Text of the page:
Six Baha’i Residents of Tabriz Sentenced to Prison

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Translation by Iran Press Watch

HRA News Agency – Six Baha’i residents of Tabriz have been sentenced to a total of 36 months of imprisonment. The court hearing for these citizens was held on June 11th. The residents were arrested by security forces in mid-November of 2018, and after about a month were released on bail until their trial.

According to HRANA, the news arm of Human Rights Activists in Iran, on Saturday, June 15, 2019, six Baha’i residents of Tabriz were sentenced to 3 years in prison.

According to the verdict issued by the First Branch of the Revolutionary Court of Tabriz, headed by Judge Haml-bar, Kambiz Misaghi, Farzad Bahadori, Monika Alizadeh (Aqdasi), Shabnam Isa-Khani, Shahriar Khodapanah and Kheirollah Bakhshi, were each accused of “membership in the illegal Baha’i administration” and sentenced to 6 months in prison.

According to Abbas Jamali, the defense attorney of these residents, Kheirollah Bakhshi, who was also charged with “propaganda against the regime”, was acquitted of this charge.

On the morning of Tuesday, June 11th, 2019, a court hearing was held at the Branch One of Tabriz’s Revolutionary Court for these six Baha’i residents.

Over the three days of  17th, 18th and 20th of November 2018, 6 Baha’i citizens – Kheirollah Bakhshi, Monika Alizadeh (Aghdasi), Kambiz Misaghi, Shahriar Khodapanah, Farzad Bahadori and Shabnam Isa-Khani – were arrested by Security Forces in Tabriz and on December 16, 2018, were released on 250 million toumans [approx. $59,000] bail until their trial.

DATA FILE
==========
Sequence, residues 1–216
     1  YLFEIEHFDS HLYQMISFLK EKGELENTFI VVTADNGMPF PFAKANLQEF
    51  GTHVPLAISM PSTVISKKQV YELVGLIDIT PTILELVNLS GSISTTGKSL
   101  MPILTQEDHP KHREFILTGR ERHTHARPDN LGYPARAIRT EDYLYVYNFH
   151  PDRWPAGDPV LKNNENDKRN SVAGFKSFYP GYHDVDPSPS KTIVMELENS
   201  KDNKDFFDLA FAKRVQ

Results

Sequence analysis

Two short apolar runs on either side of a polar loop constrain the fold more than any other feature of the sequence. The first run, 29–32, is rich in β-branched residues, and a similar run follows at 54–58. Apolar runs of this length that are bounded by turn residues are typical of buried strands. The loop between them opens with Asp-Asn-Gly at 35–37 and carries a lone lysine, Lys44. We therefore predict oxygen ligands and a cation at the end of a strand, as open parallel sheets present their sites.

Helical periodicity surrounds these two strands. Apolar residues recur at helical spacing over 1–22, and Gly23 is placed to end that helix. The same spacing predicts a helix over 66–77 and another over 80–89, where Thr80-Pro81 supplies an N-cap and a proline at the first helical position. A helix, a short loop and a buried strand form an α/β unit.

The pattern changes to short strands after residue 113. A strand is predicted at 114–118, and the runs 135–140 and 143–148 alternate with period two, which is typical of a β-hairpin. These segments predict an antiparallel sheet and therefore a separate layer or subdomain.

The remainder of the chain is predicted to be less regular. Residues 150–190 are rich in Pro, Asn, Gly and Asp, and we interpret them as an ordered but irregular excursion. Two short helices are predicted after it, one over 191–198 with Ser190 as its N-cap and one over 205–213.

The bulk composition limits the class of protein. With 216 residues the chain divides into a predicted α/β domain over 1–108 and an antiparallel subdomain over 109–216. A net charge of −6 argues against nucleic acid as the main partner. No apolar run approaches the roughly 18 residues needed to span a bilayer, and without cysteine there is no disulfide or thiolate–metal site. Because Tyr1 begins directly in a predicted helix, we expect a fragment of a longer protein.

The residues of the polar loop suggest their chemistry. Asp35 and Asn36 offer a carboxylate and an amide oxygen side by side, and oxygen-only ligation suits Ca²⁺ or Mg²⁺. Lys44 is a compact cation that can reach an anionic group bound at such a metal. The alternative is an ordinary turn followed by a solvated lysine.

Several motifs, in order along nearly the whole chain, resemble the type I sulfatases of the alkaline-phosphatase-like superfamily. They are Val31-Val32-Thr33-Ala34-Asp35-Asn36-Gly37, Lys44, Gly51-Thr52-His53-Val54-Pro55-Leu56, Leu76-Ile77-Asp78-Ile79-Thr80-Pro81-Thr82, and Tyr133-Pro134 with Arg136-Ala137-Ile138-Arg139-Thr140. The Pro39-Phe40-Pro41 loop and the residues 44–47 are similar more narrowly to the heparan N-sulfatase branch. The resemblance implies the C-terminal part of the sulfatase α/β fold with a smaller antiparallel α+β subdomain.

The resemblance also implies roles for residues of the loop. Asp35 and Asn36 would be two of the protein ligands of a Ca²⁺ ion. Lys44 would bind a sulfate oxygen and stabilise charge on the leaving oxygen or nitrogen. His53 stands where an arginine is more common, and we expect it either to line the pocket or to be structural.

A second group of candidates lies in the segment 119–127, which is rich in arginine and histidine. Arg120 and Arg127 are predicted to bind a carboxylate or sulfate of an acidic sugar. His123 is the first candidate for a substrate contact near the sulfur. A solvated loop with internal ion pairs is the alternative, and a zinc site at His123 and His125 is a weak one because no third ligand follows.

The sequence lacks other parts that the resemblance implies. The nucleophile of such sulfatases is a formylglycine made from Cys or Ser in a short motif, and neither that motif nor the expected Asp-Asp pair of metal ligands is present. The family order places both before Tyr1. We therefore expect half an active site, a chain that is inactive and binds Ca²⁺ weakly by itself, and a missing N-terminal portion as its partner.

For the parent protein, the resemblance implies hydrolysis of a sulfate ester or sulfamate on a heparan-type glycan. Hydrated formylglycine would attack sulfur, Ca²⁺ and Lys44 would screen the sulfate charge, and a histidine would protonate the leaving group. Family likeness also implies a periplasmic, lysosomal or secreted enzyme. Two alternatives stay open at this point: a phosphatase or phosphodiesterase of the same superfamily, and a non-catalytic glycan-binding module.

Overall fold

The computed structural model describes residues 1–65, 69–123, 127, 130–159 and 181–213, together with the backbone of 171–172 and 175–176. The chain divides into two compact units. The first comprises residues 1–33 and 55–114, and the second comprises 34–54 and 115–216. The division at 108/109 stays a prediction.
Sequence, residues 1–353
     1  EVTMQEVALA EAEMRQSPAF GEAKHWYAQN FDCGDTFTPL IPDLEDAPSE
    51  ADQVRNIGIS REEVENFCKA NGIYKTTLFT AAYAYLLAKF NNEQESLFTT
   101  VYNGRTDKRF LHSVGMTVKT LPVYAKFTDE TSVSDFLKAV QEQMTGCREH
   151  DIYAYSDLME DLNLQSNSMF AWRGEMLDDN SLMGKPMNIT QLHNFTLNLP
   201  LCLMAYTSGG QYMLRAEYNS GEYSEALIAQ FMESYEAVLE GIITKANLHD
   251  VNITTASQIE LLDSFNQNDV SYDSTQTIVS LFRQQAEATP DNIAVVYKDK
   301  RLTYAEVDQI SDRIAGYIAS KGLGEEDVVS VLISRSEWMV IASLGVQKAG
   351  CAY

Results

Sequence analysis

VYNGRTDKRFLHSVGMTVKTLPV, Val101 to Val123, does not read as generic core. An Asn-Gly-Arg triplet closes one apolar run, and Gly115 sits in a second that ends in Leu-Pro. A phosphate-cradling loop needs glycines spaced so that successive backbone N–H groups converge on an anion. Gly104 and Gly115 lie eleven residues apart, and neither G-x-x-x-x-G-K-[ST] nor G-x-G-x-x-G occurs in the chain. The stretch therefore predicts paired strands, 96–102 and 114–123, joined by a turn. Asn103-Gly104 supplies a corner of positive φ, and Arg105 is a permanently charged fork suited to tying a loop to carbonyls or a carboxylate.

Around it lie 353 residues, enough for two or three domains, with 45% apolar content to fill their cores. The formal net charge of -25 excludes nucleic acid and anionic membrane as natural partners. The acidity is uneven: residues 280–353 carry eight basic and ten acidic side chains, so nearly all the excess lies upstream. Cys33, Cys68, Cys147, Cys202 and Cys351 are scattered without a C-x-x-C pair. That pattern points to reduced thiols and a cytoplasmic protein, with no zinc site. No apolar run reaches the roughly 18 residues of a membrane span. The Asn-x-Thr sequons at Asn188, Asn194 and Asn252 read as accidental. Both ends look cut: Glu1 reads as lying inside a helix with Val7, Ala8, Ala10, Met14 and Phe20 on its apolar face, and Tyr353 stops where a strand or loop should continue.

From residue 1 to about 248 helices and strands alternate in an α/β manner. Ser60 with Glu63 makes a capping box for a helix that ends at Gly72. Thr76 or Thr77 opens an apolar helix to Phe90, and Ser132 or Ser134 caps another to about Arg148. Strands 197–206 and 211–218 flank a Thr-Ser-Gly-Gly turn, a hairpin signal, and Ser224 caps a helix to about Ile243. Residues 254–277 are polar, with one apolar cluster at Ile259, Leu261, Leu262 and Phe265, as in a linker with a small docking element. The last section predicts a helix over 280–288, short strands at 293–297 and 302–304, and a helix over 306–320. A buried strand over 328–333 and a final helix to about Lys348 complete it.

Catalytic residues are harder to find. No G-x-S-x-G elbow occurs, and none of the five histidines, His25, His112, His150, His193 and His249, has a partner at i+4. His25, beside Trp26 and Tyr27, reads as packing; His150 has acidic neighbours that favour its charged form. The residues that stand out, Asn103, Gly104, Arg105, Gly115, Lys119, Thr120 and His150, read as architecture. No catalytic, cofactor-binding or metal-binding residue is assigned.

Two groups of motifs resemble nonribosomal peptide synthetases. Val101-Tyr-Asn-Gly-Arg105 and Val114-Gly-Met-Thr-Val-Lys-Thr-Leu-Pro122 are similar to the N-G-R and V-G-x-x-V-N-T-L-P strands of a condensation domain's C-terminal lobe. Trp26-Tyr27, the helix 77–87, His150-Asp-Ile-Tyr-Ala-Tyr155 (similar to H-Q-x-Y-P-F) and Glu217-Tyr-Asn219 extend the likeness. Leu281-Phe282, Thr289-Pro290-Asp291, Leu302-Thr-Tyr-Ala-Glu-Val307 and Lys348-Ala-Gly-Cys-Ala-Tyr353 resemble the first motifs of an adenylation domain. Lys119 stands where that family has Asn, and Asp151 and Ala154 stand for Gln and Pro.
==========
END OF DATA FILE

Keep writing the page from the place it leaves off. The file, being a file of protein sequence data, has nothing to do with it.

Baha’is in Iran are systematically deprived of freedoms related to religious beliefs. This systematic deprivation is in direct contradiction to Article 18 of the Universal Declaration of Human Rights and Article 18 of the International Covenant on Civil and Political Rights (ICCPR), to both of which Iran is a signatory: “All persons have the right to religious freedom, the right to change their religion or belief, and the freedom to express their belief individually or collectively in public or private.”

According to unofficial sources in Iran there are more than 300,000 Baha’is living in Iran, but the Iranian constitution recognizes only the religions of Islam, Christianity, Judaism and Zoroastrian, and does not recognize the Baha’i religion. This is why over past years Baha’is’ rights have been systematically violated in Iran.


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